How To Price Your Candles

You’ve decided to take the leap and be a candle-maker: congratulations! Welcome to the family! But how should I price my candles?

Now you have two critical questions in front of you:

  1. How should I price my candles?
  2. Can I make a profit?

In our previous blog STARTING A CANDLE BUSINESS we discussed that setting the prices for your candles has to do with your costs as well as your target audience. Now time to dig a bit deeper…


For simplicity’s sake, let’s break potential candle buyers into three tiers: low price, mid price, and high price.

The low price tier consists of customers who are looking for a great value candle at a bargain price. If you want your candles to be accessible to mostly everyone, this may be the best fit for your brand!

You’ll want to be especially mindful of your costs so you can ensure you’re making a healthy profit… More on that to come. Based on our market research, candles in the low price tier typically range from $5 to $15 depending on their size. The lowest priced candles are typically also sold in high volume.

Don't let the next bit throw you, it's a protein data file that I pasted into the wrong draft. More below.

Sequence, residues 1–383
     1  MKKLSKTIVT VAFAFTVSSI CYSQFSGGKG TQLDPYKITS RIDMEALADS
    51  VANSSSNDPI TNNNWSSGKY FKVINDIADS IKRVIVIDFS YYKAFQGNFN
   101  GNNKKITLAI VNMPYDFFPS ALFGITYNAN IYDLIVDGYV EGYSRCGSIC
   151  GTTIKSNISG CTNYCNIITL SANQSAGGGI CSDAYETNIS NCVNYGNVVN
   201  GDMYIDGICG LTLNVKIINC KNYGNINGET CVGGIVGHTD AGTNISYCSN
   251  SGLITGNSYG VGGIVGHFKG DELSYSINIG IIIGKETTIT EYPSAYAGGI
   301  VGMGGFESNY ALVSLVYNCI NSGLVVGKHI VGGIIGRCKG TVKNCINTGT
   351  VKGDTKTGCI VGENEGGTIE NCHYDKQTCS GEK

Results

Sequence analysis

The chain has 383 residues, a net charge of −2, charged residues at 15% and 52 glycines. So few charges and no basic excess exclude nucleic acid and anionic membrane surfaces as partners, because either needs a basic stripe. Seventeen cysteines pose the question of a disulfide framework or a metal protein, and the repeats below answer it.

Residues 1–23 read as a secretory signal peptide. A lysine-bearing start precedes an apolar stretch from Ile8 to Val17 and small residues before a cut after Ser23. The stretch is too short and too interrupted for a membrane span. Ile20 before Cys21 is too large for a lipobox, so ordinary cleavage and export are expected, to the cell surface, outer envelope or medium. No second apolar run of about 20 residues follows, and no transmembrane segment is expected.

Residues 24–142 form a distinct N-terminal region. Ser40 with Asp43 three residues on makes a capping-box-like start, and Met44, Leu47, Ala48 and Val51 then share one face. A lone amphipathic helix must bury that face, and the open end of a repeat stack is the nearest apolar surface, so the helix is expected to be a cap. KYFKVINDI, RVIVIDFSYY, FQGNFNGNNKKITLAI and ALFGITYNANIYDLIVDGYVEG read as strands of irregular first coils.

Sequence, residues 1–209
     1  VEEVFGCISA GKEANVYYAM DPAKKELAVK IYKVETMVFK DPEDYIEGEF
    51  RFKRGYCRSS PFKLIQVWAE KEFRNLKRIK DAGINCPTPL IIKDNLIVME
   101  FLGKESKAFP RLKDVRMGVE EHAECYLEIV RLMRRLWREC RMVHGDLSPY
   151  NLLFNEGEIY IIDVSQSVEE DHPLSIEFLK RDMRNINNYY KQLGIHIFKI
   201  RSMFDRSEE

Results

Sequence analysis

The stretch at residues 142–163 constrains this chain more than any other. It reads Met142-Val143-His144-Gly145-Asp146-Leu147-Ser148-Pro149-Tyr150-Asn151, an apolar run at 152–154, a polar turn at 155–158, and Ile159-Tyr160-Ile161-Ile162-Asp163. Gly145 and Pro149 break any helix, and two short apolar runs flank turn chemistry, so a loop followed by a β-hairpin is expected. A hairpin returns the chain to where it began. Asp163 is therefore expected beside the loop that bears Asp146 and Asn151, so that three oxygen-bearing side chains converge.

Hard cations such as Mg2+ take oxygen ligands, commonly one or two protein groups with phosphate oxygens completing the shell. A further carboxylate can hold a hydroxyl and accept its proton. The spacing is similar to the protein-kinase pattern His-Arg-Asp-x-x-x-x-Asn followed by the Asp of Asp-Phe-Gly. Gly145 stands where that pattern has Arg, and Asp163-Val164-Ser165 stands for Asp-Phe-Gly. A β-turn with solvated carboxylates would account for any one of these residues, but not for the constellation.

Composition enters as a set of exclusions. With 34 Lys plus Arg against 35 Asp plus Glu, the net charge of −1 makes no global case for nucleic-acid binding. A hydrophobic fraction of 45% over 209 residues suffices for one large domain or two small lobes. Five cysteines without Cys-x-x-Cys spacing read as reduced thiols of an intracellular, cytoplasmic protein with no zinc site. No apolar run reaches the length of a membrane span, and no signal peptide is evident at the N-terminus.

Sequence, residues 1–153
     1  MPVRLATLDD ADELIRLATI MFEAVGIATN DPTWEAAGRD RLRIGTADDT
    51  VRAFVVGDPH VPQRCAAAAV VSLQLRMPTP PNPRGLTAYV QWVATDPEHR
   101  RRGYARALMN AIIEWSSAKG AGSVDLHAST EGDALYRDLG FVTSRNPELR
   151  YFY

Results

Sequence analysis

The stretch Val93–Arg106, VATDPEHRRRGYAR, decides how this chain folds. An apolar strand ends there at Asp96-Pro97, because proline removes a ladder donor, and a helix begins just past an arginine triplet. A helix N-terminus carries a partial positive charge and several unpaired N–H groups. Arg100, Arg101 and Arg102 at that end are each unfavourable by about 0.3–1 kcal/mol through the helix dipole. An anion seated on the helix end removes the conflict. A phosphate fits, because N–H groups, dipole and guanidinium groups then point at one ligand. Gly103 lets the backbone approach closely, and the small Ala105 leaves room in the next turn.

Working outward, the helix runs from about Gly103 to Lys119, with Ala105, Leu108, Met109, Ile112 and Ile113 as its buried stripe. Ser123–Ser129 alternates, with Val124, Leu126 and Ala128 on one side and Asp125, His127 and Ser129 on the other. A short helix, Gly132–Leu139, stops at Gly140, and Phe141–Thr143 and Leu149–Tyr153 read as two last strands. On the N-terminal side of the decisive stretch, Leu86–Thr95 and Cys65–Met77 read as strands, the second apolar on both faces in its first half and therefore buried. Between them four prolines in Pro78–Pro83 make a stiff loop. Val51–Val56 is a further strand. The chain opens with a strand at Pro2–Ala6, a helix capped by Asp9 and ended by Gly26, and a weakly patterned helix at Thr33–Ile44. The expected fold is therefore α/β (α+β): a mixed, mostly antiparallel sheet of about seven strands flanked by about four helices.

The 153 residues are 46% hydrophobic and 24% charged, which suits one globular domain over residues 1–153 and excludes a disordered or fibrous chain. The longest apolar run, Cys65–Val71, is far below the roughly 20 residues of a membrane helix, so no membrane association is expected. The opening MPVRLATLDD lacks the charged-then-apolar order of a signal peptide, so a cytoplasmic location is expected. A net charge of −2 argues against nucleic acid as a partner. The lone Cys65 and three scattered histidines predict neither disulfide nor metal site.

Mid price candles still offer an excellent value for their price point, but you will be able to use slightly higher priced components if your target audience is willing to pay a higher price for candles. For example, perhaps you can afford to splurge for that fancy custom label or you will choose to use a natural wax blend instead of the more traditional (and lower costing) paraffin wax.

Mid tier candles are typically priced between $20 to $40 depending on their size.

If you are going to be asking top dollar selling to the luxury market (high price tier), then you had best be using top quality everything – wax, fragrance, vessels, and packaging. Check out our website for all these items + more!